Thirty Six Hour Day

An AntiPattern.

Problem: you've let yourself into a DeathMarch. You're faced with a FortyHourWeek - in the cynical acceptation of the term, i.e. more like 60 or 80 or worse.

Context: - for whatever reason, you can't afford quit, everybody is pulling OverTime, and though you're the rare employee with a wife and two kids (everybody else is a young cowboy without a life) you don't think you can get away with NineToFive - no matter that you're doing superlative work when you're in form.

Solution: once in a while, pull a ThirtySixHourDay. You come in at 9 on Tuesday, and get off at 5 (or 6) on Wednesday. Arm yourself with pizza (or have dinner at home if you have a short commute), lots of snacks, plenty of caffeinated drinks. Take a break in the morning (before everybody else comes in) or whenever your vision blurs and you can't see what you type, but don't give in to the temptation to sleep. What's important is that you 'reset' your daily cycle on the following day; you go to sleep on Wednesday - a bit earlier than you're used to. You warn the wife and kids in advance so they'll know to go easy on you that evening.

Resulting context: you've worked for 36 hours straight, which, even if you deduct time for dinner and a few breaks, comes out to a 70-hour week. Your sleep cycle hasn't been messed up too much - which lets you recuperate faster than, say, if you had been in the office till 1AM two days in a row.

Depending on your physical condition, you can pull this off fairly regularly for some time. I can manage one or two in a given month, which still averaged out to 55-hour weeks. Take a vacation afterwards, even a short one. If it really was a case of doing the OverTime to meet commitments and save an important project, management won't have a problem with that. If there's yet another DeathMarch the next month, quit. It's always going to be DeathMarches.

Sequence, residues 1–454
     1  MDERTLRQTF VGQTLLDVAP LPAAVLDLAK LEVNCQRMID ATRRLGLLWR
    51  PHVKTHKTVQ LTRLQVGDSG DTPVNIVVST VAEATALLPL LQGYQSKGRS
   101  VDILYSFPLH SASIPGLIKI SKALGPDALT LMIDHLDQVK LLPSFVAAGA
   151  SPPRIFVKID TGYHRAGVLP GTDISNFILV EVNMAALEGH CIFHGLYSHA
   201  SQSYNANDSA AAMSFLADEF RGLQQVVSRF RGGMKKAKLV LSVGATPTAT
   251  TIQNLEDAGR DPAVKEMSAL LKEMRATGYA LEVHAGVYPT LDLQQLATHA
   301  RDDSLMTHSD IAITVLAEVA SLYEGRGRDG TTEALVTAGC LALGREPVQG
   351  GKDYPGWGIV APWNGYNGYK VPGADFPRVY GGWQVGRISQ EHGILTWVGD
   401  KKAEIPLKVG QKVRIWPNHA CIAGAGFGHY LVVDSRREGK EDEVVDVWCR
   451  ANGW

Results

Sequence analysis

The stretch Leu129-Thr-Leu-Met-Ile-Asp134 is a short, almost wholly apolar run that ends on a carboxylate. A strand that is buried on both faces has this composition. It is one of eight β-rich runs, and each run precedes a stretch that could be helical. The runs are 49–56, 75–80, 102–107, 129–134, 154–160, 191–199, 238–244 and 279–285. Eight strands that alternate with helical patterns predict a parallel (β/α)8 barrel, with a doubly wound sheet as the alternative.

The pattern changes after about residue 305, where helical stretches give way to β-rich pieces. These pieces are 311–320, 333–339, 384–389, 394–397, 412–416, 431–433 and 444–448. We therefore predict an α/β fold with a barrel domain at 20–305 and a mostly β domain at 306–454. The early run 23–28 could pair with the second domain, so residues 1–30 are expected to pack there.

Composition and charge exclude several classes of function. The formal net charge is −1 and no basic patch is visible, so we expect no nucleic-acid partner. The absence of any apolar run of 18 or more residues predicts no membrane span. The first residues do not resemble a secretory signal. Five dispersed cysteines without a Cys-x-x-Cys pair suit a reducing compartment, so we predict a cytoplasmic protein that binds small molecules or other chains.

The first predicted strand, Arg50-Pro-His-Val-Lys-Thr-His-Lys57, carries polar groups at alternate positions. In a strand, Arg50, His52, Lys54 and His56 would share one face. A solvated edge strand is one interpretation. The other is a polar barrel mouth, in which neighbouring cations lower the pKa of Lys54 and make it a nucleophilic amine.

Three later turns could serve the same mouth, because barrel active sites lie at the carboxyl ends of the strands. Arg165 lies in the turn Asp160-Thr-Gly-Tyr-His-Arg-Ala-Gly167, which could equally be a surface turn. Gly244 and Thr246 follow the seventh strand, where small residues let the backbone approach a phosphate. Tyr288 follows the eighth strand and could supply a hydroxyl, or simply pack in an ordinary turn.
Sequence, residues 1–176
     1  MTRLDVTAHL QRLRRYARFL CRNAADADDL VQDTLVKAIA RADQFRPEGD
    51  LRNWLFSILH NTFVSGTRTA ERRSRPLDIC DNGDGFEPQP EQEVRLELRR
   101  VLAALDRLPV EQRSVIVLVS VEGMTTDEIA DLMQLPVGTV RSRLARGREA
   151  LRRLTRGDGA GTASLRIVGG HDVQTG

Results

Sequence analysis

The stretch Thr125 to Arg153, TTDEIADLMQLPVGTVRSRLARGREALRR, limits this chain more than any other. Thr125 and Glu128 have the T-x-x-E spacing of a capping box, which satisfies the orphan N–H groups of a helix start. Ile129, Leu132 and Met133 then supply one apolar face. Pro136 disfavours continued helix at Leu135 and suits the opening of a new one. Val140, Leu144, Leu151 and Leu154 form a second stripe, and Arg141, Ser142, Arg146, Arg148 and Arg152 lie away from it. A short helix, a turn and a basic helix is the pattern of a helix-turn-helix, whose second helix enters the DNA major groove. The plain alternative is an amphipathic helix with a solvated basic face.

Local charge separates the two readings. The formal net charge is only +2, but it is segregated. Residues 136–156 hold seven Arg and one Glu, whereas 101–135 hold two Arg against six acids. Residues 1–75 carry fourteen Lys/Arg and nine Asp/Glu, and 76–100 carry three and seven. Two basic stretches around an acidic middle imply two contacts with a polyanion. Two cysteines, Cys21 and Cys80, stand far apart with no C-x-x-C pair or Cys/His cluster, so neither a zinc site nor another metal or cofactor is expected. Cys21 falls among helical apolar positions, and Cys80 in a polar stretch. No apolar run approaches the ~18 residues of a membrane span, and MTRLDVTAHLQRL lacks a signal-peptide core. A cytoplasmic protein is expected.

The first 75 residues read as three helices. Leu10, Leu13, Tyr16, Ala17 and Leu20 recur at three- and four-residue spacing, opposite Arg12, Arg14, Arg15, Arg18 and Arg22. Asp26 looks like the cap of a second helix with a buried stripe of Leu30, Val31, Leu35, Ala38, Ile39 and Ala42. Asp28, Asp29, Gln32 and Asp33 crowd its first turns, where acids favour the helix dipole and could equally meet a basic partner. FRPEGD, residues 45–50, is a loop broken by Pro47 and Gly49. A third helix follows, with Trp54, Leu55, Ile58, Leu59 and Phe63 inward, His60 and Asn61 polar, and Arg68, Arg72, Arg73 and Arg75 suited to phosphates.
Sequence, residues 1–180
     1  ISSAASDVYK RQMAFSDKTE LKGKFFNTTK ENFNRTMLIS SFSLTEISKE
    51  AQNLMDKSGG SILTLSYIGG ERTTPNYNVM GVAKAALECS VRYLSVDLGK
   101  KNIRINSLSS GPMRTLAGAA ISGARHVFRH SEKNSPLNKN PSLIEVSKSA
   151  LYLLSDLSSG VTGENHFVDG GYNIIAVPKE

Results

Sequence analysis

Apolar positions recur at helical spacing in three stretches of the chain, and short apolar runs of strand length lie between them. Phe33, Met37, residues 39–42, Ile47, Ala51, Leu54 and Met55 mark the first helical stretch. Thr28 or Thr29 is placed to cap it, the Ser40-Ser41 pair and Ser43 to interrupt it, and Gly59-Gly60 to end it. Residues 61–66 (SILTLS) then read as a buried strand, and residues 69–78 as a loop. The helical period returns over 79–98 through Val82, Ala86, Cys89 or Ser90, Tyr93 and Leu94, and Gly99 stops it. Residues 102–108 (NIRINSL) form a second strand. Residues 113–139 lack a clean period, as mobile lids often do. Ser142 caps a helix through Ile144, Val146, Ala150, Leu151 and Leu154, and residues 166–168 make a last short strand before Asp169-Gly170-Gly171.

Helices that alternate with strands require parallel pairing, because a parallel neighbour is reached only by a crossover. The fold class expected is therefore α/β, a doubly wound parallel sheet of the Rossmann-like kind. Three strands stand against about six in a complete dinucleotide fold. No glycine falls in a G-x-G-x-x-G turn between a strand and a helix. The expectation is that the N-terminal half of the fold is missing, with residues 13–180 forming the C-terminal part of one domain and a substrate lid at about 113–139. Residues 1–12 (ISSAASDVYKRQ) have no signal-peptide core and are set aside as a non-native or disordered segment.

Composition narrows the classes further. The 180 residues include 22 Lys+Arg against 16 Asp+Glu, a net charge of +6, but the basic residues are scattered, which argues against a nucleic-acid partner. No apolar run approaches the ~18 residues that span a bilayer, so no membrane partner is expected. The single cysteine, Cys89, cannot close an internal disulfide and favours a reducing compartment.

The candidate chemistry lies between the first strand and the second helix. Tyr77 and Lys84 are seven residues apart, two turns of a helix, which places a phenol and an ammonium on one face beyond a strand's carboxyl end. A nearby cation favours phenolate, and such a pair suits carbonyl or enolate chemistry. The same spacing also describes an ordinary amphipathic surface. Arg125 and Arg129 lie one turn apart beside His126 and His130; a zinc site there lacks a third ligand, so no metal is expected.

Your main problem is in explaining to management that this works as well, if not better, than what everybody else does - stay at the office late, and come in tired, late and grumpy in the morning.

But,

No, your main problem is that management will come to expect this of you. To impress them you'll next have to pull 2 ThirtySixHourDays in the same week. And then three. And then you BurnOut and lose many months pay. Heck, people have died of BurnOut - it's common in Japan.

The correct answer to the whining "can you pull an all nighter?" is, "only if you can accept the serious loss in productivity this will cause".

The correct answer to the incredulous, "oh, come on, everyone does it!" is, "have you measured the effect on their productivity?".

The correct answer to the haughty, "I've been a manager for N years. I know all about productivity." is "have you measured it? Where are your figures?".

The correct answer to the arrogant, "Look, do it, or I'll remember it on your next performance evaluation." is "I've been measuring it for the last 3 months on this DeathMarch. Here's the graph. Do you want me to show it to your manager?"